Dallas Cowboys

The Dumbest Column in the History of Tim Cowlishaw

Love me some Tim Cowlishaw of Dallas' Only Daily. Known him and respected him for years, going back to our days as competitive beat writers fighting for morsels about the Dallas Cowboys in the mid-1990s. I annually rank him among the metroplex's 50 Most Powerful People in Sports. Dang, I even root for him on ESPN's Around the Horn.

But when he's wrong, man is he wrong.

Today, for example, Cowlishaw writes that the Dallas Cowboys should seriously consider drafting Auburn quarterback Cam Newton with their first-round pick in April. That's the 9th pick overall, remember. This year.

It's a premise, of course, that is preposterous on so many levels.


I know the Green Bay Packers in 2005 drafted a guy named Aaron Rodgers with Brett Favre still playing quarterback. But the Packers were coming off a 10-6, playoff season in 2004. Set with the present, they could afford to look long-term into the future.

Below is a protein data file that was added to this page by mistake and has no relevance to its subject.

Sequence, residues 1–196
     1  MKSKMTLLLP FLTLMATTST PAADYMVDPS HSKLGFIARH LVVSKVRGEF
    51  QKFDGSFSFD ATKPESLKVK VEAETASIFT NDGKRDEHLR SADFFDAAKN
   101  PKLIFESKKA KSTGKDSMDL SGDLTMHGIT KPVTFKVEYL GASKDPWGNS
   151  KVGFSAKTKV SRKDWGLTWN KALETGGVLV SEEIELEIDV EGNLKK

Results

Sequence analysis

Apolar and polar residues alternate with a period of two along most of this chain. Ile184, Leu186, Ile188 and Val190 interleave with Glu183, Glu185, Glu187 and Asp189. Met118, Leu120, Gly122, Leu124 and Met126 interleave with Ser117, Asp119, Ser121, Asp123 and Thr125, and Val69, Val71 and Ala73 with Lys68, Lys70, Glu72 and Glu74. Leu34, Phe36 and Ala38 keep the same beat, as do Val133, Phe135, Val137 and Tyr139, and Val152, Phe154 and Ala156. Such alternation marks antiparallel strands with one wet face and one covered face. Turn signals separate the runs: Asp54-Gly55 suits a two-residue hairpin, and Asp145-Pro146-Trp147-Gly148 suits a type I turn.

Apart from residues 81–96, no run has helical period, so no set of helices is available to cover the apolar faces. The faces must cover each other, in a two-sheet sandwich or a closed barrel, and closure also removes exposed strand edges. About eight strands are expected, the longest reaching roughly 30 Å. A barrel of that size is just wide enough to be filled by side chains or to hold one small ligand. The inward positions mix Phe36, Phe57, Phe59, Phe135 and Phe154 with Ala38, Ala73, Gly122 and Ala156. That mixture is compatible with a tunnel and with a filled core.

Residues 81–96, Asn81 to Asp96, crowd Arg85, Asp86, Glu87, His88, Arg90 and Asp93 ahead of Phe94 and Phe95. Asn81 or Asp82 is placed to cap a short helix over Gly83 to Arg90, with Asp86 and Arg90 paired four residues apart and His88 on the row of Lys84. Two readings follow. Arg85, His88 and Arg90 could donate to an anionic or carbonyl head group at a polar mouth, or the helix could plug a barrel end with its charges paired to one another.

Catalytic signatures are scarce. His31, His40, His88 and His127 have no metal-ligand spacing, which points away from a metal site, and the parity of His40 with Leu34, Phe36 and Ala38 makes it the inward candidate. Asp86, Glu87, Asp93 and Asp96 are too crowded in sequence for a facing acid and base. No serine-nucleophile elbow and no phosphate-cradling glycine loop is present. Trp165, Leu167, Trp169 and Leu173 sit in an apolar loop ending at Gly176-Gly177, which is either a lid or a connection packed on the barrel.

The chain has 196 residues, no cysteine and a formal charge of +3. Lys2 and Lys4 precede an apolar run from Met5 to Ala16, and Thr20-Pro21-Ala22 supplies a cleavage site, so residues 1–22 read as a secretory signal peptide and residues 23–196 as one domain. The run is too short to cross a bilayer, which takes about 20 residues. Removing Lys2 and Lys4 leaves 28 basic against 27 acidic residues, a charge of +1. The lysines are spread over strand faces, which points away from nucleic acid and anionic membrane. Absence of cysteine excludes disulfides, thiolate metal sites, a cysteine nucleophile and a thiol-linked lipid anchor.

Not Dallas. Not now.

The Cowboys, in case you've forgotten, sucked last season. 6-10. Missed the playoffs. Got their head coach fired. Fresh out of luxuries. Furthermore, they're stable at very few positions, but quarterback is one of them.

While Favre was 35 when Packers' general manager Ted Thompson drafted future Super Bowl MVP Rodgers, Tony Romo is only 31 and still in his prime, if not even still on the upside. When healthy he's a Pro Bowl quarterback. And he's backed up by a proven veteran named Jon Kitna who, behind only Michael Vick, was the best No. 2 quarterback in the NFL season.

As Cowboys coaches head to Indy for this week's scouting combine, they should be looking for immediate, play-right-friggin'-now help at safety. At cornerback. Along the offensive line. Anywhere but quarterback.

For one, I don't think Newton has the passing accuracy to ever be an elite quarterback in the NFL. Secondly, the Cowboys have far more pressing needs.

Either Cowlishaw has absorbed one too many virtual fist bumps from Tony Reali, or else he's just baiting us with a bizarre, extreme opinion in hopes of prompting relevance and feedback and buzz. I hear sports columnists are known to do that from time to time.


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Richie Whitt
Contact: Richie Whitt